If we’ve said it once, we’ve said it 1,000 times: these so-called “anonymous” messaging apps simply aren’t anonymous. To put it another way, if you’re dumb enough to make violent threats on them, you’ll get caught.

According to a newly released federal criminal complaint, Garrett Grimsley of Cary, North Carolina, allegedly used the Whisper app to make such remarks on February 19. Hours later, local police and the FBI arrived at his door to search his apartment.

As per an FBI affidavit, Grimsley (under the name “Spark_Pure”) wrote in a public post: “Salam, some of you are alright, don’t go to Cary tomorrow.” Another Whisper user, who was not named in the affidavit but is referred to as an unnamed “cooperating witness (CW),” responded: “Why—what’s happening in Cary tomorrow?”

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Divided federal appeals court rules you have the right to film the police

The “First Amendment audit” of Fort Worth, Texas, police in 2015 by activist Phillip Turner.

A divided federal appeals court is ruling for the First Amendment, saying the public has a right to film the police. But the 5th US Circuit Court of Appeals, in upholding the bulk of a lower court’s decision against an activist who was conducting what he called a “First Amendment audit” outside a Texas police station, noted that this right is not absolute and is not applicable everywhere.

The facts of the dispute are simple. Phillip Turner was 25 in September 2015 when he decided to go outside the Fort Worth police department to test officers’ knowledge of the right to film the police. While filming, he was arrested for failing to identify himself to the police. Officers handcuffed and briefly held Turner before releasing him without charges. Turner sued, alleging violations of his Fourth Amendment right against unlawful arrest and detention and his First Amendment right of speech.

The 2-1 decision Thursday by Judge Jacques Wiener is among a slew of rulings on the topic, and it provides fresh legal backing for the so-called YouTube society where people are constantly using their mobile phones to film themselves and the police. The American Civil Liberties Union says, “there is a widespread, continuing pattern of law enforcement officers ordering people to stop taking photographs or video in public places and harassing, detaining and arresting those who fail to comply.”

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It took less than a minute of satellite time to catch these thieves red-handed

The heart of the Pacific Ocean is a vast, barely explored region outside national boundaries, teeming with undiscovered species and dramatic undersea terrain. A few organizations monitor activity here, mostly international fisheries management groups, but it’s easy for a vessel to get lost in the enormous distances. That’s exactly what many pirate fishing fleets depend on.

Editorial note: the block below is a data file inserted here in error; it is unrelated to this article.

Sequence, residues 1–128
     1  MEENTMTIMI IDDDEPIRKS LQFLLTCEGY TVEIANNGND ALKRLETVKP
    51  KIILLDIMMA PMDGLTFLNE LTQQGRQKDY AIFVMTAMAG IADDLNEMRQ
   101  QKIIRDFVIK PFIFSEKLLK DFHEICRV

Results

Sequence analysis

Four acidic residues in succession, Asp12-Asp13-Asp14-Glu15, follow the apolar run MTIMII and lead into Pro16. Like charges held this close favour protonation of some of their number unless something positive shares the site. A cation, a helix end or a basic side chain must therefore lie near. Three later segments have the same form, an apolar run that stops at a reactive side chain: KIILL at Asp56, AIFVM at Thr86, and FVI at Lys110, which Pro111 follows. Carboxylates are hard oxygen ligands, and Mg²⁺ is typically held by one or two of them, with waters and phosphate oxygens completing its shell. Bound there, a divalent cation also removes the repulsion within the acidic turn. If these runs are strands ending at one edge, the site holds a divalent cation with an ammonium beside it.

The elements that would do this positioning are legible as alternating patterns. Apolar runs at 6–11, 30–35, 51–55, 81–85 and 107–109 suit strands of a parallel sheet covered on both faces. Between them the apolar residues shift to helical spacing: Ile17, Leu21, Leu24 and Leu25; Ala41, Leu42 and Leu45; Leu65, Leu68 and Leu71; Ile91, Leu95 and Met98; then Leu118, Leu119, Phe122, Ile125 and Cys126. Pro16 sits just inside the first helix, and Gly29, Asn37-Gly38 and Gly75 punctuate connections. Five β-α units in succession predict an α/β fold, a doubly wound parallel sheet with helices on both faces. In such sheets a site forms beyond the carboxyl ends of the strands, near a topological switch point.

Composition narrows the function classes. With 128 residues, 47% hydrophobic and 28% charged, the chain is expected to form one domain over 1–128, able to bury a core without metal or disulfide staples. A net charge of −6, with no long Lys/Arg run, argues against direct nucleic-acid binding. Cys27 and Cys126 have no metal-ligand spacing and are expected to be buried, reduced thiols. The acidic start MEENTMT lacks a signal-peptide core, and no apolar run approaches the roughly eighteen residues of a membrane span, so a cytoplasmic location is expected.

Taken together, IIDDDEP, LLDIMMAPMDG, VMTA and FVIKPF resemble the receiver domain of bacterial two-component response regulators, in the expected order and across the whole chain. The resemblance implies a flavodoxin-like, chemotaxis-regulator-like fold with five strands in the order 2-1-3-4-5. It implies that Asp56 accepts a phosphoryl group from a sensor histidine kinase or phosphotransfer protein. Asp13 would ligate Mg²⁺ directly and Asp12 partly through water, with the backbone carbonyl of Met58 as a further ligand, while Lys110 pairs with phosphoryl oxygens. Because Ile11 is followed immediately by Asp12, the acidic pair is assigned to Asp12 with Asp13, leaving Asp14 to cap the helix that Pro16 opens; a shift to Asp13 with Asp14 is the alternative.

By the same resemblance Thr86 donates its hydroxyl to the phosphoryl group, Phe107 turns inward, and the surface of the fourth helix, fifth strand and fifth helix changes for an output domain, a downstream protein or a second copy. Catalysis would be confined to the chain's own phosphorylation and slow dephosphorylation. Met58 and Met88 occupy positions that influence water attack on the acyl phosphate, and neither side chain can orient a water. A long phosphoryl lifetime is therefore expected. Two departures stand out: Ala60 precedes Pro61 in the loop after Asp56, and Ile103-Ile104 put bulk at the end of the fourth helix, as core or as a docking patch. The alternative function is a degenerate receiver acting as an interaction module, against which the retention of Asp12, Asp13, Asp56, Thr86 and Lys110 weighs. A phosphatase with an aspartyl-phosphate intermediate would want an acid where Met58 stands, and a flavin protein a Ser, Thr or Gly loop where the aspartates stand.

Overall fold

Though normally we associate the term piracy with rogues who commandeer other people’s ships, it’s also used as shorthand to describe illegal, unregulated, and unreported (IUU) fishing. The Pacific is crawling with fishing pirates. Often their ships are crewed by malnourished slaves who don’t see land for months at a time, a practice that has been documented by rights groups and exposed in a 2015 Associated Press investigation. They make their money by fishing illegally or in poorly regulated areas and then offloading their goods to the crews of large refrigerated cargo vessels called reefers in a process called transshipping. The reefer crews mix their legal catch with the pirate catch and then sell it all in port.

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Uber driver: company isn’t paying the full 80% of a fare that I’m owed

An Uber driver in North Carolina has sued Uber in a proposed class-action lawsuit. He alleges that he and other drivers like him are consistently underpaid based on the company’s own formula.

Since nearly the beginning, Uber has paid its drivers 80 percent of a given fare. However, in the lawsuit, lawyers representing the driver, Martin Dulberg, claim that the company has now changed the way it calculates what that fare is. The result is that the company consistently pays between 70 and 80 percent—but not the full 80 percent—of what the fare should be.

In the new lawsuit, which was filed Tuesday in federal court in San Francisco, Dulberg’s lawyers allege: